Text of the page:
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The New Reebok Fighter Payout Structure Has Been Revealed and Boy Is It Something

(To put the Reebok deal in terms Jon Jones might understand, he just went from being able to total a Lexus per fight to only a pre-owned Acura per fight.)

Late last year, it was announced that the UFC had inked a 6 year/$70 million exclusive sponsorship deal with Reebok that would not only change how its fighters presented themselves, but how they could obtain sponsors moving forward as well. Gone were the days wherein a fighter/manager could secure as many (pre-approved) sponsors as possible per fight, and in its place was a tiered system dependent solely on the opinions of a group of “experts” who quite literally could not be less informed.

As has become the case with most of the UFC’s newly-instigated policies, it took a couple tries before the world’s premiere fight organization was able to get it (mostly) right. So the rankings-based payout system was scrapped in favor of a structure that “rewarded” fighters with bigger cuts of the action based on the number of fights they had while competing under the Zuffa-owned Strikeforce, WEC, and UFC.

Earlier today, UFC fighter Cody Gibson tweeted an image of the new payout system which goes into effect on July 6th. And boy is it something.

So um….yeah.

As Gibson stated, the only people the Reebok deal does seem to benefit are the lowest tier of fighters, most of whom have/had trouble finding sponsors due to their lack of name power. So good for them.

For everyone else, however, it’s hard not to see this new structure — infinitely superior to the previous one as it may be — as anything other than a total screwjob. Twenty-thousand dollars for a 20-fight veteran? Is that some kind of joke? Seeing someone make it 10 fights in the UFC is downright inspiring, but finding a 20-fight UFC veteran who currently *isn’t* riding a losing streak and giving them that chump change is like finding a unicorn and using its horn as a hatrack, to quote a more eloquent man than myself.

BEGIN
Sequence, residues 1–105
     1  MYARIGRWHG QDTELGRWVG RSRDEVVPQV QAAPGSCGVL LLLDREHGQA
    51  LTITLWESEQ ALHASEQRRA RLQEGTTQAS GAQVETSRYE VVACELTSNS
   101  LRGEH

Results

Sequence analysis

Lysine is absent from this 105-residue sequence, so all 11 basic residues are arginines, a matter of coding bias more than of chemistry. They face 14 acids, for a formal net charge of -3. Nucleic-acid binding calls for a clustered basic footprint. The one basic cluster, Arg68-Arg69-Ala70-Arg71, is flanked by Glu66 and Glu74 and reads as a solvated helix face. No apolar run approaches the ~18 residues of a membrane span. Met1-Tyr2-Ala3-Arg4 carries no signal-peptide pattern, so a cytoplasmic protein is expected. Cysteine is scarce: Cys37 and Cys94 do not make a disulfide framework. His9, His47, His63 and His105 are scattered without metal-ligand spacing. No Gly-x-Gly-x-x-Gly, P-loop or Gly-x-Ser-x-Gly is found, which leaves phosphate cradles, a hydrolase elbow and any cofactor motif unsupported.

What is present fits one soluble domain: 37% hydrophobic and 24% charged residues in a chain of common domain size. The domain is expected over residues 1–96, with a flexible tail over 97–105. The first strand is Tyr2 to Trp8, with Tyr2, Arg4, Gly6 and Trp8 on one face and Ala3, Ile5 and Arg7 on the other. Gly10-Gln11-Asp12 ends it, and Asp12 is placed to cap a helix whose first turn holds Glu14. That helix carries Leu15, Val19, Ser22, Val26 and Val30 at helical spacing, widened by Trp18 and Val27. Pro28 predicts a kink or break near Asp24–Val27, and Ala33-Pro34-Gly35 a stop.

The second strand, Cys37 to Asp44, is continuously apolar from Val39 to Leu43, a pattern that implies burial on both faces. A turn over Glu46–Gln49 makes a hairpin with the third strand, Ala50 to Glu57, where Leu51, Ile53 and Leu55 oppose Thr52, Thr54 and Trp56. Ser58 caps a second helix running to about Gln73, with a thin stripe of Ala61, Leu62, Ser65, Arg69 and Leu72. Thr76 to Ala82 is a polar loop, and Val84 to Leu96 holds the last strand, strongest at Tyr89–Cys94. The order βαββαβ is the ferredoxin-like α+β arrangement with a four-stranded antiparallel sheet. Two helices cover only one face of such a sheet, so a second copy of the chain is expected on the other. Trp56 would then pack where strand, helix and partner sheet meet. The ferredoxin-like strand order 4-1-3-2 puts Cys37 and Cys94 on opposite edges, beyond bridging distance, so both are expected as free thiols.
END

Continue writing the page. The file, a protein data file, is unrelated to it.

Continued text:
Look, I don’t want to leap to any ill-informed conclusions here, but how are guys like Eddie Alvarez (1 UFC fight) going to take this massive cut in pay? Established fighters like Carlos Condit (15 UFC/WEC fights) and Brendan Schaub (11 UFC fights) all the way to middle-of-the-packers like Luke Barnatt (5 UFC fights) have publicly admitted to making upwards of 70k a fight before in sponsorship money, and now they’ll be making 40k at best?

Now, it is worth mentioning that these figures are apparently “minimums” that will hopefully increase should the UFC find other sponsors (*makes wanking motion with hand*), but just look at Zane Simon’s breakdown of things:

Interestingly, using the figures from Reed Kuhn’s FightNomics Blog (which show that about 61% of the UFC roster falls into the lowest sponsorship tier), the new figures only total up to about $7.5 million $7 million a year of the reported $70 million/6 year Reebok deal initially announced back in December, figuring for 20 title fights a year. That’s a lot less than it seems like the annual numbers should shake out to, especially when just a couple weeks ago the Boston Herald reported that the tiers were expected to pay out along the following lines:

0-5 fights: $5,000
6-10 Fights: $8,000-$10,000
11-15 Fights: $12,000-$15,000
16-20 Fights: $18,000-$20,000

So, to summarize: This deal is garbage. It has always been garbage. Everyone from the media to the fighters themselves know its garbage. But because we are all garbage people with garbage spines, we will continue to let these kinds of garbage policies go by unchecked out of the fear that we will lose our garbage jobs.

Welcome to the show, everyone.


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